by Susan Cornell
Do you have baseball equipment which could be used by kids who don’t have any of their own? Are there gloves, bats, balls, helmets, bases, catcher’s equipment, uniforms, cleats, hats, and socks bursting out of the closets? And can you imagine the looks on the faces of disadvantaged children in third world countries if the equipment just collecting dust at your home was in their hands?
The question is how to get baseball equipment from point A (your digs) to point B (places such as Nicaragua, Puerto Rico, the Dominican Republic, Cuba, Venezuela and Uganda).
The Connecticut Tigers, the Class A Affiliate of the Detroit Tigers, steps up to the plate and serves as a collection hub for Roberto’s Kids, an international nonprofit organization named after Roberto Clemente.
“Our mission is social responsibility through baseball. We collect baseball equipment from the U.S. and Canada and distribute it to disadvantaged youth in Latin American countries, the U.S. and around the world,” explains Roberto’s Kids Founder Steve Pindar.
Roberto’s Kids started in 1999. By 2012 it had distributed 45 tons of equipment to youth in the U.S., Nicaragua, Puerto Rico, the Dominican Republic, Cuba, Venezuela and Uganda.
Pindar adds, “It’s an absolute pleasure working with C.J. Knudsen, (VP & GM), Eric Knighton, (VP & Assistant GM), and everyone at the Tigers. We couldn’t do what we do without groups like theirs. Our volunteers are the backbone of Roberto’s Kids.”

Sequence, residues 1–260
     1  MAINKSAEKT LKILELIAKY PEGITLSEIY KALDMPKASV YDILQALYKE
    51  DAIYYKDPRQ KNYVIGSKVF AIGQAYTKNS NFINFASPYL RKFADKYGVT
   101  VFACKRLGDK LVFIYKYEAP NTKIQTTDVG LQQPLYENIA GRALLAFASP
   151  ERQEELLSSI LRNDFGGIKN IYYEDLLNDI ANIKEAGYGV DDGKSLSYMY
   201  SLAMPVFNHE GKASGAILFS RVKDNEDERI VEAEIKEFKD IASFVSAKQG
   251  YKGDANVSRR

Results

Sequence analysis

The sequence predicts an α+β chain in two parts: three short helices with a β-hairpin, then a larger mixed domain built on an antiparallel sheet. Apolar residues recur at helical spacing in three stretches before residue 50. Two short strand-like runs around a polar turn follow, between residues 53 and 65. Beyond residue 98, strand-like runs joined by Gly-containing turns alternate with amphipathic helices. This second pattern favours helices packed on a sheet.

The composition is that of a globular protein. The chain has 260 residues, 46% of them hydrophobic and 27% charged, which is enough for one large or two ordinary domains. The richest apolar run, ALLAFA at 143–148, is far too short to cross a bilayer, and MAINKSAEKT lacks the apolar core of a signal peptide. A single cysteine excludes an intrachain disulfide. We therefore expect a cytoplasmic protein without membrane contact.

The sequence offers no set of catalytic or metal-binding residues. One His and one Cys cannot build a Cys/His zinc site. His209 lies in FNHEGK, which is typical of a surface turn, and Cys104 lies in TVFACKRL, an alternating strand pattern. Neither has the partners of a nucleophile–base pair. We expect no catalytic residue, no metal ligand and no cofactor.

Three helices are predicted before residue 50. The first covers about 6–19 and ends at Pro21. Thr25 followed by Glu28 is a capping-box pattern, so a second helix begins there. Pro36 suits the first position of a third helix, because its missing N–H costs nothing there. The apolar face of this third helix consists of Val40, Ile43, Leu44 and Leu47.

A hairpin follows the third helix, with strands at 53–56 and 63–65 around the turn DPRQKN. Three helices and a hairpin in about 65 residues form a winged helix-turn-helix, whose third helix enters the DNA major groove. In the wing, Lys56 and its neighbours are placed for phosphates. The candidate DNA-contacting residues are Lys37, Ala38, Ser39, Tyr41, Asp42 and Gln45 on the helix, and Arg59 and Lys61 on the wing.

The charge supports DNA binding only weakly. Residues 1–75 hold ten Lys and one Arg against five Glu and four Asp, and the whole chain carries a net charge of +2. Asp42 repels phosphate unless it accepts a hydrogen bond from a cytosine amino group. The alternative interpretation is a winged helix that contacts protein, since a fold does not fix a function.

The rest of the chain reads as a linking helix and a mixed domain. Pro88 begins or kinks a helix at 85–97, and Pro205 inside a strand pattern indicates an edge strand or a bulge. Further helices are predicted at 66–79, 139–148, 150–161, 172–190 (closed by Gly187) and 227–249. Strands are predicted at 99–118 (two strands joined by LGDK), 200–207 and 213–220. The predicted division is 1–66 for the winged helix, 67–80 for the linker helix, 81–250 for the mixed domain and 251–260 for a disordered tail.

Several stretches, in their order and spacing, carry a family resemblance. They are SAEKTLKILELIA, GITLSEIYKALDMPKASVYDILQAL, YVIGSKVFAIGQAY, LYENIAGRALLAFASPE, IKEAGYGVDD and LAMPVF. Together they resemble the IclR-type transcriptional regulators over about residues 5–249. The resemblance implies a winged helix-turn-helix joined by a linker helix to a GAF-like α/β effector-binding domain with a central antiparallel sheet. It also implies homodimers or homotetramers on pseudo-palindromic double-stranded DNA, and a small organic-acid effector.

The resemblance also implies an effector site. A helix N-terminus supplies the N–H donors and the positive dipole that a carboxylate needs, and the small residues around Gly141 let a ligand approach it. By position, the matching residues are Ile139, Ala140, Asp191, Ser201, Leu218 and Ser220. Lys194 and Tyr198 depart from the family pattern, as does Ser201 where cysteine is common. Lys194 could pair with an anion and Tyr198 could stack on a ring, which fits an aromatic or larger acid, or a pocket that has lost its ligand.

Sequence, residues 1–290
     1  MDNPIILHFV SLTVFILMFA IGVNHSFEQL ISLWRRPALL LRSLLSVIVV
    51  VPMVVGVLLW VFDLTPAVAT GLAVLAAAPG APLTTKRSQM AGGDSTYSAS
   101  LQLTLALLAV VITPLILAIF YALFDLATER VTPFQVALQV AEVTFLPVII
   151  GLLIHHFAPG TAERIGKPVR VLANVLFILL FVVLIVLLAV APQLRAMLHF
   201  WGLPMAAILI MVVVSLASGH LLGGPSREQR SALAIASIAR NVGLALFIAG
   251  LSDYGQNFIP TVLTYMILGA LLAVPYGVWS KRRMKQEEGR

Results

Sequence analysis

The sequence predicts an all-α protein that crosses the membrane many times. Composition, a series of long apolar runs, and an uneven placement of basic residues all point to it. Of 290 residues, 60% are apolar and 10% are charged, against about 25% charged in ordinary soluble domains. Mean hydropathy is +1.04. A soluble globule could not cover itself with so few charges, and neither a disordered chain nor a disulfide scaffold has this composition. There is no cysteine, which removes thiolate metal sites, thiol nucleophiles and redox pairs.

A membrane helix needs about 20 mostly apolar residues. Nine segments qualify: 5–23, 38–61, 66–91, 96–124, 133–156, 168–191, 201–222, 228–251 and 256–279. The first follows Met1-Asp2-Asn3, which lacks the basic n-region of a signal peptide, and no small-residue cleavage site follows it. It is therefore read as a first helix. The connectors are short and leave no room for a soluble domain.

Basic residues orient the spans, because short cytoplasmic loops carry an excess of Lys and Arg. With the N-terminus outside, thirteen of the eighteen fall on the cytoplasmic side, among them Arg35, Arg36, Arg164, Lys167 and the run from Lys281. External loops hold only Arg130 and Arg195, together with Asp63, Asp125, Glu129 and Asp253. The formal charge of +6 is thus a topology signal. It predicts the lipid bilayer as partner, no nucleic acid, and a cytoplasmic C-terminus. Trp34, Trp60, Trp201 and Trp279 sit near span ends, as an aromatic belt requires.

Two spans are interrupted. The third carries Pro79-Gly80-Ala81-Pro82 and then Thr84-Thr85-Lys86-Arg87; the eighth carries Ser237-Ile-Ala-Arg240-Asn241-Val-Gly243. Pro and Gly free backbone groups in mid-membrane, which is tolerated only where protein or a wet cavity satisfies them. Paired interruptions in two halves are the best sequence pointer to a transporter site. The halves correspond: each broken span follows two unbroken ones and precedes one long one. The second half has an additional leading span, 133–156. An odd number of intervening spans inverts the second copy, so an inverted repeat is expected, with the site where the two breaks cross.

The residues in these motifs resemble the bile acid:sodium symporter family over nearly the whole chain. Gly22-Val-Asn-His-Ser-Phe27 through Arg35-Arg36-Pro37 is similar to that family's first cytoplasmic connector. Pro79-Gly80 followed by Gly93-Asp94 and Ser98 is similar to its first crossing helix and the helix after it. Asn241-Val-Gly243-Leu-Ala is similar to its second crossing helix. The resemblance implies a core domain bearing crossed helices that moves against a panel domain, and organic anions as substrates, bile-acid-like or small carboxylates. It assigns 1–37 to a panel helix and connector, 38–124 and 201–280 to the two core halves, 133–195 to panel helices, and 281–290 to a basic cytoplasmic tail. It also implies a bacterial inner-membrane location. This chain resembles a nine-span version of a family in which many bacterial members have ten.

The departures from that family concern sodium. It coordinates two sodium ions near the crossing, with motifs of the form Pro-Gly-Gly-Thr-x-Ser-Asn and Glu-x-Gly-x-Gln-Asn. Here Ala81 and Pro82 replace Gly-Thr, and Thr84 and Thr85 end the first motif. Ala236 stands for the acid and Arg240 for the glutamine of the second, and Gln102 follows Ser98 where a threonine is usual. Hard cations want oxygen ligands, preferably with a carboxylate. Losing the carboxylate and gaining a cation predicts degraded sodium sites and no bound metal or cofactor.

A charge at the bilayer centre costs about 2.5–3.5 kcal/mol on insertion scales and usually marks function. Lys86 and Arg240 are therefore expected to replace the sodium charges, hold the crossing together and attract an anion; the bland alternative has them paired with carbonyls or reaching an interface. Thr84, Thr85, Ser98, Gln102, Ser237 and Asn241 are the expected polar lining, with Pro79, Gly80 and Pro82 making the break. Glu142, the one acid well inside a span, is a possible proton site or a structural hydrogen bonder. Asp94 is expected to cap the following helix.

For the past three years, Steve McManus, now a senior at Lincoln High School in Lincoln, RI, has led drives in conjunction with Roberto’s Kids and then delivers hundreds of pounds of equipment to the Tigers.
“They made the process very easy. They welcomed me to the field and gave me a tour. I am a senior now and I hope to pursue this drive at the college level,” McManus said.
The Connecticut Tigers have been working with Roberto’s Kids since 2010, when the Tigers came to Dodd Stadium in Norwich.
“Every year it gets larger and larger and more involved with Roberto’s Kids, and for us that’s what minor league baseball in a community is all about,” says C.J. Knudsen.
The Tigers collect not only through drives in Connecticut, Rhode Island, and Massachusetts, but also from those who drop off equipment at the stadium.
A shipment went to Nicaragua in March. “We put the gear on pallets ourselves and shrink-wrap it, then help them load it. It was a hands-on project for us.”
Knudsen said that if people are cleaning out, the Tigers will take equipment at any time—at the games at the Citizens Bank Informational Booth or at the front office.
Said Knudsen, “We love the sport of baseball and anything we can do to help kids from around the world enjoy baseball, get some exercise, and create some friendships, for us it’s a home run.”
The Haddam-Killingworth Leo Club (affiliated with the Lions) is holding a collection drive in Killingworth on Saturday, April 27, from 9 a.m. to 3 p.m. For more information, call 860.663.3095.